Casa Negra (@CasaNegraLDN)
54-56 Great Eastern Street, London, EC2A 3QR
Bodega Negra was one of our most memorable recent meals in Central London. I don't think that it was really down to the food. Don't get me wrong, we had some great dishes that night - the soft shell crab tacos stood out particularly - but it was more the combination of ambience, decor, service and music which made that evening special. If I had the money to (it is staggeringly expensive), it would probably be a regular choice in Soho, which probably explains why it's one of the biggest celebrity draws in London.
A lot to live up to then. At first glance it's noticeably different from its Soho sibling, ''an English townhouse taken over by Mexican squatters,'' we're told. We visited at lunch, which may be part of the reason why I had the impression that it's a lot more chilled out than Bodega. The upstairs dining room has a fair few, spaced out covers giving the impression of a lighter, larger version of Bodega (not quite as cool in decor terms though). The downstairs bar will be considerably smaller, darker and louder, which sounds quite intriguing.
|Tortillas and Guacamole|
Between us, we ordered a bit of everything, starting with some tortillas and guacamole. The guacamole was good, but steep at £5.50 for a small portion. The menu is also strikingly different from Bodega, which is admirable, but it's a shame we didn't get to try some of our Bodega faves again.
To start with, we ordered two types of tacos - the Lengua (£6, beef tongue) and the Pescado (£8, grilled sea bass). The Lengua was the best thing we had on the menu, and for me one of the best tacos I've had in London. I love tongue (the veal tongue at Bocca di Lupo is one of my London favourites), and this was cooked superbly. It was richly flavoured, juicy and tender without being stringy (not a single toothpick required). The fish (pictured at the top of the post) was less successful, which is a shame since we get such good quality seabass in London. It had a slightly ''fishy'' taste, very unlike its usual mild flavour.
|Coctel de Mariscos|
Owen also ordered a Coctel de Mariscos (£9) - a sort of seafood cocktail. We thought that the bloody mary cocktail sauce was a tad overpowering over the seafood. The strong sweet and acidic flavours didn't really allow for us to know how good the quality of the produce used was.
|Ceviche de Caballa|
I ordered the Ceviche de Caballa (£9.50), a mackerel ceviche. The mackerel was quite good but as far as ceviche goes it was not especially memorable. Ceviche still holds the crown on that (even if everything else about the meal there was disappointing).
|Chili Relleno en Salsa Roja|
As mains we ordered Chili Relleno en Salsa Roja (£18) and the Pescado a la Veracruzano (£16). The Chilli Relleno was a large chili stuffed with cheese in a tomato and chilli sauce. It was very satisfying (it would be a fantastic hangover dish), and comforting. The cheese just neutralised the chili spiciness, leaving only a slightly bittersweet taste. I wouldn't say that the dish was fairly priced though. At £18 (!) you would expect something more impressive, in terms of flavours, ingredients and presentation.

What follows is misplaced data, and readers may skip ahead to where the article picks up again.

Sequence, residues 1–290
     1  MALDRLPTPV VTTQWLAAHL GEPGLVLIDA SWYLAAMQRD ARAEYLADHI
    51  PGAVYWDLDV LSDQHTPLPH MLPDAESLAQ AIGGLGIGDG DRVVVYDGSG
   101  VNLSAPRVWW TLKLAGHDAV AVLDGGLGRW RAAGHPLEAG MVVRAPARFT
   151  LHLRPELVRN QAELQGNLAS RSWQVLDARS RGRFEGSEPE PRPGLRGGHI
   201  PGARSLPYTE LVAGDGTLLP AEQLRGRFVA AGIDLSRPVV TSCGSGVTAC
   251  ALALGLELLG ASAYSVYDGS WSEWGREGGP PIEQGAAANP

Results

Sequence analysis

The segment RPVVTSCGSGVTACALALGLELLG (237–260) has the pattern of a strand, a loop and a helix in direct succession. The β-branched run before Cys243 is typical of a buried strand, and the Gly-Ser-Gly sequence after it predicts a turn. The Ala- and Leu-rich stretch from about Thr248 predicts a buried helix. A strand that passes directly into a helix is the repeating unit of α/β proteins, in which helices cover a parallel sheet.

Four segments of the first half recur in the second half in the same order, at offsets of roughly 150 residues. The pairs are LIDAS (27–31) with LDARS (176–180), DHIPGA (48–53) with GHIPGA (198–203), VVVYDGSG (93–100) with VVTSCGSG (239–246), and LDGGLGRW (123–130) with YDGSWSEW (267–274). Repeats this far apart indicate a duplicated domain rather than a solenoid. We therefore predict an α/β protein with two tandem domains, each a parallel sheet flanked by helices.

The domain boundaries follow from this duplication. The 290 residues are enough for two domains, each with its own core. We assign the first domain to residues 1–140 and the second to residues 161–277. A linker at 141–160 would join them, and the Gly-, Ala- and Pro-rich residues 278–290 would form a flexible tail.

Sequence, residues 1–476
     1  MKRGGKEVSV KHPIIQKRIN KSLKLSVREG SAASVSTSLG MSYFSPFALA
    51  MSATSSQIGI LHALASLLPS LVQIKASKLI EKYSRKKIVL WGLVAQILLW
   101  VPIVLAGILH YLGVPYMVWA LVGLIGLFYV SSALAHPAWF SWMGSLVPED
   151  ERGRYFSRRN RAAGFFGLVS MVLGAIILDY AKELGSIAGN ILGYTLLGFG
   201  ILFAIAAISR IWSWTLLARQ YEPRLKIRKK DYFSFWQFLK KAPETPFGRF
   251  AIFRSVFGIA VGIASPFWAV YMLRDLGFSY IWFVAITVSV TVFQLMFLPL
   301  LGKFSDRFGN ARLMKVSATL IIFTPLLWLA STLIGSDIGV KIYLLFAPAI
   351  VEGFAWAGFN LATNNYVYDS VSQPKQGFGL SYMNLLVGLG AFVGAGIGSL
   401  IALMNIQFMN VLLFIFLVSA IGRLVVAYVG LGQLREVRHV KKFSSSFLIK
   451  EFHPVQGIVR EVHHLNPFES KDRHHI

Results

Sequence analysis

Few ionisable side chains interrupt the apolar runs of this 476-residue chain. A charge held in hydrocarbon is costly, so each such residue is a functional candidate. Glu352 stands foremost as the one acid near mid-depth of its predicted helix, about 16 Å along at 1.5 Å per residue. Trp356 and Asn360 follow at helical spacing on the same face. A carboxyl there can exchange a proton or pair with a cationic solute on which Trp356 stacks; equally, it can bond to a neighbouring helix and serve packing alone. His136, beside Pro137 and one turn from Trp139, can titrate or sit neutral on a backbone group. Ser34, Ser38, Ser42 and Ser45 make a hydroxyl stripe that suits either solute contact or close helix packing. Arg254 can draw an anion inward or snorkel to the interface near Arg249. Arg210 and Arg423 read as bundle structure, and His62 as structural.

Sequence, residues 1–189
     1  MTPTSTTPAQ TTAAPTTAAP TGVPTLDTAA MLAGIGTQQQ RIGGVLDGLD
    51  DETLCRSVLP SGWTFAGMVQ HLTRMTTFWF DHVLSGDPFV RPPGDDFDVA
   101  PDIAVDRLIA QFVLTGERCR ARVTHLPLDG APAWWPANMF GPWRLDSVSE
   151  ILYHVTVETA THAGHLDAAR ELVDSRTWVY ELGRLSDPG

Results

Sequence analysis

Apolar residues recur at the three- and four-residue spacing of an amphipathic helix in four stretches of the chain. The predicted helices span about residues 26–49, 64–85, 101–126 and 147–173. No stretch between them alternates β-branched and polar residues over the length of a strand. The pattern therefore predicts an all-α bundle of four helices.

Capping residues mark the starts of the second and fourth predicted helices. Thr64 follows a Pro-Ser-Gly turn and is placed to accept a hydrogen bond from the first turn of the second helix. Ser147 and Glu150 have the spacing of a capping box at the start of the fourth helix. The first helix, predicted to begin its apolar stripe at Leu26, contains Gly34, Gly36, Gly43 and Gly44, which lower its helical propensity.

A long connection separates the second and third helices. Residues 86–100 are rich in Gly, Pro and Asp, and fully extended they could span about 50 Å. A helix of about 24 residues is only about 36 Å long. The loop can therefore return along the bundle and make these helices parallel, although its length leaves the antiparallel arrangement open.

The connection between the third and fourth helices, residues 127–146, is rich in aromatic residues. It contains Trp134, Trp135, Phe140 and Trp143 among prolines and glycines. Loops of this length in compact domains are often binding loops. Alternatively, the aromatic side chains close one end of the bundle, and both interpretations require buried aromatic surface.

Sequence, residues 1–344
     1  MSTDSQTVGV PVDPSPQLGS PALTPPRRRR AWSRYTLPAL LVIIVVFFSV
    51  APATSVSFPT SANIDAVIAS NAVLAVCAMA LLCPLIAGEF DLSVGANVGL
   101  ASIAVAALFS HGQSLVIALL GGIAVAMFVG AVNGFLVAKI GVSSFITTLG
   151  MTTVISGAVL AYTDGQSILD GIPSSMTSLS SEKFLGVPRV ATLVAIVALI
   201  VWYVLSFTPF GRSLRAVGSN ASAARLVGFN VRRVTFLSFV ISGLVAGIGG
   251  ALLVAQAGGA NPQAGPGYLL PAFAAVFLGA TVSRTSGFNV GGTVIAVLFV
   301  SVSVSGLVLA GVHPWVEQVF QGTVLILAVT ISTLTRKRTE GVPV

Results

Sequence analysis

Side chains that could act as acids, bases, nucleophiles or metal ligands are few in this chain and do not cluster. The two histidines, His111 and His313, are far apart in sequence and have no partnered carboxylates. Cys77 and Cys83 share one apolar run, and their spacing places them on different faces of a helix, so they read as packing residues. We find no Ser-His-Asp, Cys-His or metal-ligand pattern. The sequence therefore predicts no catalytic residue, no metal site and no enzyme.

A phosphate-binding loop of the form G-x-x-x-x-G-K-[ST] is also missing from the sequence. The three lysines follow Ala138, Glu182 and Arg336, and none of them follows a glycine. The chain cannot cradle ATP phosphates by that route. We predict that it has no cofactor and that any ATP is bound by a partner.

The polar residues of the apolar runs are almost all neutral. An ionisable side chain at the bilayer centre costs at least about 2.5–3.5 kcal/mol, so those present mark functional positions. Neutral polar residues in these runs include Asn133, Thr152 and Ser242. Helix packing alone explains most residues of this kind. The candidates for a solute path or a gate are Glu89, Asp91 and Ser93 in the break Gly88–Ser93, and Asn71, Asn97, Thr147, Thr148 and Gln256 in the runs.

|Pescado a la Veracruzano|
The seabass in the pescado main was cooked better than the seabass in the pescado taco. It was slightly caramelised, whilst retaining its moistness. The flavour was still not quite there with the best of seabass. Again it was ever so slightly fishy for our taste. The combination with the olives, lime and capers worked well though. As a side, Owen had the Queso Fundido (£7), which was gloriously comforting as well, a rich cheese fondue with chorizo and tortilla. However, again for the price you would probably expect more bang for your buck with this one. We had the Arroz Rojo (£3), which was fine.
Lastly for desserts we ordered 3 scoops of the ice cream. The chocolate was good, dark and bittersweet, whilst the coffee one was nicely balanced (and actually tasted like a milky coffee unlike most coffee ice creams). My favourite was the pumpkin by far though. A really unusual sweet and savoury flavour that you'd never think would work but really starred. The ''Negra'' restaurants seem to be very strong on their desserts, (their Mole ice cream at Bodega was amazing) and just shows that even with something so ubiquitous as ice cream, there's still room for innovation.
|Arroz Roja (£3)|
If it was later in the day, we probably would have given the excellent selection of mescals and tequilas a try. The cocktails at Bodega were very impressive, and it looks like the same here.
Overall, I would say Casa Negra didn't match up to Bodega for us, partly because it doesn't have the same atmosphere, but also because the food wasn't quite as spectacular as its other branch. I know that Bodega is expensive as well, but it feels closer to its value there. £18 for a chili dish is very expensive whichever way you look at it. You could spend the same amount (or less) and easily eat at more special places in London. A missed oppurtunity (although that beef tongue taco was still really, really good).
Photos by Nathalie.